Sit back and let the good times roll (9/10/99)

Over the summer, I saw a lot of movies. I mean, a lot of movies. At the theater, at home, at other people's houses, at parties, et cetera. Some of them better than others, but I sat through all of them, even Showgirls. (Which, by the way, I recommend that no one ever, ever see. It's like staring at a train wreck. It's a horrible, hideous thing, but you just. Can't. Turn. Away.) You have to understand that I love movies. All kinds of movies. I even love bad movies, with that kind of love you have for the psychotic cousin in your family who's wanted in several states for bigamy and mail-order fraud. Even if they're on the level of Mystery Science Theater 3000 offerings, they're still somebody's little brain child.

I especially love going to the movies. Even if the film is terrible, I'll sit there, all huge eyes and open mouth, absolutely amazed at being told a story with so much precision, so much direction - being let into someone else's head for a couple of hours and seeing things just the way they want you to, blink for blink. There are some exceptions to this stupefaction - this summer, I had to be forcibly restrained from throwing Milk Duds at the screen when I went to see The Haunting - but I've never walked out of a movie yet. It's magic, that's all. Just magic.

When it comes to renting movies, I'm a maniac. Anything and everything goes, from Night of the Lepus, a horror film about six-foot bunny rabbits, to But you know what? I like 'em old. I miss the great American movie musical, no matter how corny and overdone some of them were. My idea of a weekend well spent is a handful of Danny Kaye movies and a bag of Good 'n' Plenty. And don't any of you ask me again who Danny Kaye is. You must know some of his stuff - Hans Christian Anderson, White Christmas, The Court Jester (where the pellet with the poison's in the vessel with the pestle and the chalice from the palace has the brew that is true). They're very funny and pretty much the ultimate in feel-good flicks. Remember those movies you watched when you were a kid where everyone was saved and the good guy always got the girl? Well, stop trying to fill that void with current insipid romantic comedies and go get some old Hollywood musicals. It's corn, but it's sincere corn.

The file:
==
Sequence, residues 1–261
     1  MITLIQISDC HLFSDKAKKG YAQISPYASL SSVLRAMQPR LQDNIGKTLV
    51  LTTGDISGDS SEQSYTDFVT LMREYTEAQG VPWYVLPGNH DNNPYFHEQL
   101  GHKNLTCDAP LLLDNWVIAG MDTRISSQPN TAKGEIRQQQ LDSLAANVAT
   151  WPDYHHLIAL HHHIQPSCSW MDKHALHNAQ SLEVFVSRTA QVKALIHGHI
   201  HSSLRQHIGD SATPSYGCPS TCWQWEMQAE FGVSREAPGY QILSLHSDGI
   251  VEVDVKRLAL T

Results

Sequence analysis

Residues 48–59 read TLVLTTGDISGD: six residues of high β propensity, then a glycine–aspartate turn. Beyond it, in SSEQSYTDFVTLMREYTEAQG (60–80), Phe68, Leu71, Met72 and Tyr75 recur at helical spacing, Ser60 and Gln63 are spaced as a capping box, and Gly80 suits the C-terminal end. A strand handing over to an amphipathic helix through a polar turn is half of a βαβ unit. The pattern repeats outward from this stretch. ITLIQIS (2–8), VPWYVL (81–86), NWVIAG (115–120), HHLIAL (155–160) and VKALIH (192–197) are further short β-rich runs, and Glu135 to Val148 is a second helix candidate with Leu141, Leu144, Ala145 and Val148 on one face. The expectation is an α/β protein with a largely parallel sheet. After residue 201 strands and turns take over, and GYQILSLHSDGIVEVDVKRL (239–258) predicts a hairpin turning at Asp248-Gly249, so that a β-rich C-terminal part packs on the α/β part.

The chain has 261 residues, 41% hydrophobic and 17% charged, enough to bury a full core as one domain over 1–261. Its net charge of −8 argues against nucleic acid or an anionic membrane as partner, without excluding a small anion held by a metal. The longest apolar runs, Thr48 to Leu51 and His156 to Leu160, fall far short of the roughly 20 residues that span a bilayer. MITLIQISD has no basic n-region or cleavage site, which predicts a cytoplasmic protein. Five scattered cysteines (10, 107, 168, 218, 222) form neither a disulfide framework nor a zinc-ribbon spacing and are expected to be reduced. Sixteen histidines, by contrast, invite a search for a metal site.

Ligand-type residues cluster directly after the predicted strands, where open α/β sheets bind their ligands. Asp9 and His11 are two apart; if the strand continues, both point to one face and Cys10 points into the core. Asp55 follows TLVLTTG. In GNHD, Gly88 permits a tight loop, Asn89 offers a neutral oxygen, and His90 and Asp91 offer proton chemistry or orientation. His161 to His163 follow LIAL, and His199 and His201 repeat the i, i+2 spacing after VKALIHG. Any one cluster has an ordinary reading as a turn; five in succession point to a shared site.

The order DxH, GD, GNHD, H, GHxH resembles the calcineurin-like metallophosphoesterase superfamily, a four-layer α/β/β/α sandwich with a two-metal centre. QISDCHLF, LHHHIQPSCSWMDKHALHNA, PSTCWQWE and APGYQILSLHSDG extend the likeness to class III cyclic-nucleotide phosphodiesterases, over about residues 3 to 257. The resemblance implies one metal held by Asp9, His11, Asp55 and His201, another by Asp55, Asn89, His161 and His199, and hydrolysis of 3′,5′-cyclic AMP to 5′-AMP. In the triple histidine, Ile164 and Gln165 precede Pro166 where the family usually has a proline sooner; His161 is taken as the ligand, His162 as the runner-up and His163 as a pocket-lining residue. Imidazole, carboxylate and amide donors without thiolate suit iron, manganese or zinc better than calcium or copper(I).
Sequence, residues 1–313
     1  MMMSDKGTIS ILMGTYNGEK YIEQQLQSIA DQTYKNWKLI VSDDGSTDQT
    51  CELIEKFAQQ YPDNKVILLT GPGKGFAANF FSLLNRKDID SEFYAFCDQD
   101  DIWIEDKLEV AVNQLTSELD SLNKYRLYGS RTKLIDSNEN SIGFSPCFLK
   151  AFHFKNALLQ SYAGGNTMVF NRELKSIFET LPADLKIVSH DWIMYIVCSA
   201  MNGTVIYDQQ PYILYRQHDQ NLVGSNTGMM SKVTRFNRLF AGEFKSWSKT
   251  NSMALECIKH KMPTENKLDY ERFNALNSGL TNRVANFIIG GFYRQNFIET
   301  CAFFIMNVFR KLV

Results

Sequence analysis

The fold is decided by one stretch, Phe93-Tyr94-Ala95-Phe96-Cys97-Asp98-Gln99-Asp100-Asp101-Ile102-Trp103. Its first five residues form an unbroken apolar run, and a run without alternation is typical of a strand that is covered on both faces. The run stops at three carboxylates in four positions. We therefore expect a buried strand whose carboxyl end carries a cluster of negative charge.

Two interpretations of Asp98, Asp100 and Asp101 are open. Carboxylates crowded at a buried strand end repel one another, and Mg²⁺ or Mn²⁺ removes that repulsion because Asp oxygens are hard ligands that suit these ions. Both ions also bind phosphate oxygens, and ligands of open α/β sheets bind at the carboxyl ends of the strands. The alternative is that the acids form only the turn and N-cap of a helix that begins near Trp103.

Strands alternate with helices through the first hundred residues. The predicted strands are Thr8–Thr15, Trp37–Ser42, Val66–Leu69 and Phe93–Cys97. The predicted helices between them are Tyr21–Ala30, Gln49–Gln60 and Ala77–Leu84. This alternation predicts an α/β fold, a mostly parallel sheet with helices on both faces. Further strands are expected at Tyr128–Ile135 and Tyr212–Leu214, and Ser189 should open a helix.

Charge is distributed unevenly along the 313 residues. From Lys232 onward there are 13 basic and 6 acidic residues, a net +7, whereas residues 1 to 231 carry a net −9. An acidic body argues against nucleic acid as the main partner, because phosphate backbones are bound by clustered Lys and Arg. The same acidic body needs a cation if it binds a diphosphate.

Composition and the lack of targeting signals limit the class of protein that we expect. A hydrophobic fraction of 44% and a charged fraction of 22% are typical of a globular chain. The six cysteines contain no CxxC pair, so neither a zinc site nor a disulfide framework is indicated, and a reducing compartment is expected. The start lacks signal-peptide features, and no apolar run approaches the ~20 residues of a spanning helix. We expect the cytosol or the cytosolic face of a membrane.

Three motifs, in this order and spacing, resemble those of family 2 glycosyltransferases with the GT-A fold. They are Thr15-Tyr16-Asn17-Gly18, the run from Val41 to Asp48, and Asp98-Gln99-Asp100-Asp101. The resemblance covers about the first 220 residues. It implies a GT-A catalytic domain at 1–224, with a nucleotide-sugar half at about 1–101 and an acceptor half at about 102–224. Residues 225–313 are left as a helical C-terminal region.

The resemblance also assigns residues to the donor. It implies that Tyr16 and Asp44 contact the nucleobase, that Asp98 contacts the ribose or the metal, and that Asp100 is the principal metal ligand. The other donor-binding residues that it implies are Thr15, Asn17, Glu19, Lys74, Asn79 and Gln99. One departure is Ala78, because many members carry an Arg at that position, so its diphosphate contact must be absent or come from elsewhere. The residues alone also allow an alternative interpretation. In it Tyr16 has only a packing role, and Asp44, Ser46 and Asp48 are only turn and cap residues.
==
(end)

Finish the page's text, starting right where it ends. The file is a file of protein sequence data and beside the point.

The more I watch of these, the more I'm convinced that I was born too late, durn it. I belong in the thirties, the forties, the fifties, where movie houses were palaces with balconies and you could waste an entire afternoon on a double feature with a cartoon and maybe a newsreel. I want to see all those marvellous people on the big screen for the first time, in their primes - Humphrey Bogart, Lauren Bacall, Kahterine Hepburn, Peter Lorre, Gene Kelly, and too, too many others to even begin to mention. Just watching their movies, knowing that they're out there, and can make more. Incredible.

Sometimes, when I'm watching, I start to think that we shouldn't be allowed to record or remember the past like this. It hurts so much to realize that these people are dead, that this time is irretrievable, that it might be better to not know, to not miss what we've lost. And then I see Donald O'Connor running up the walls or Cary Grant running through blasted fields, fleeing that ominous biplane, or Charles Laughton swinging from his bell pull - and I'm caught again. Magic. Tell me again how it was, how it is, where our love affair with films started and developed and keeps moving along. Show me your story.

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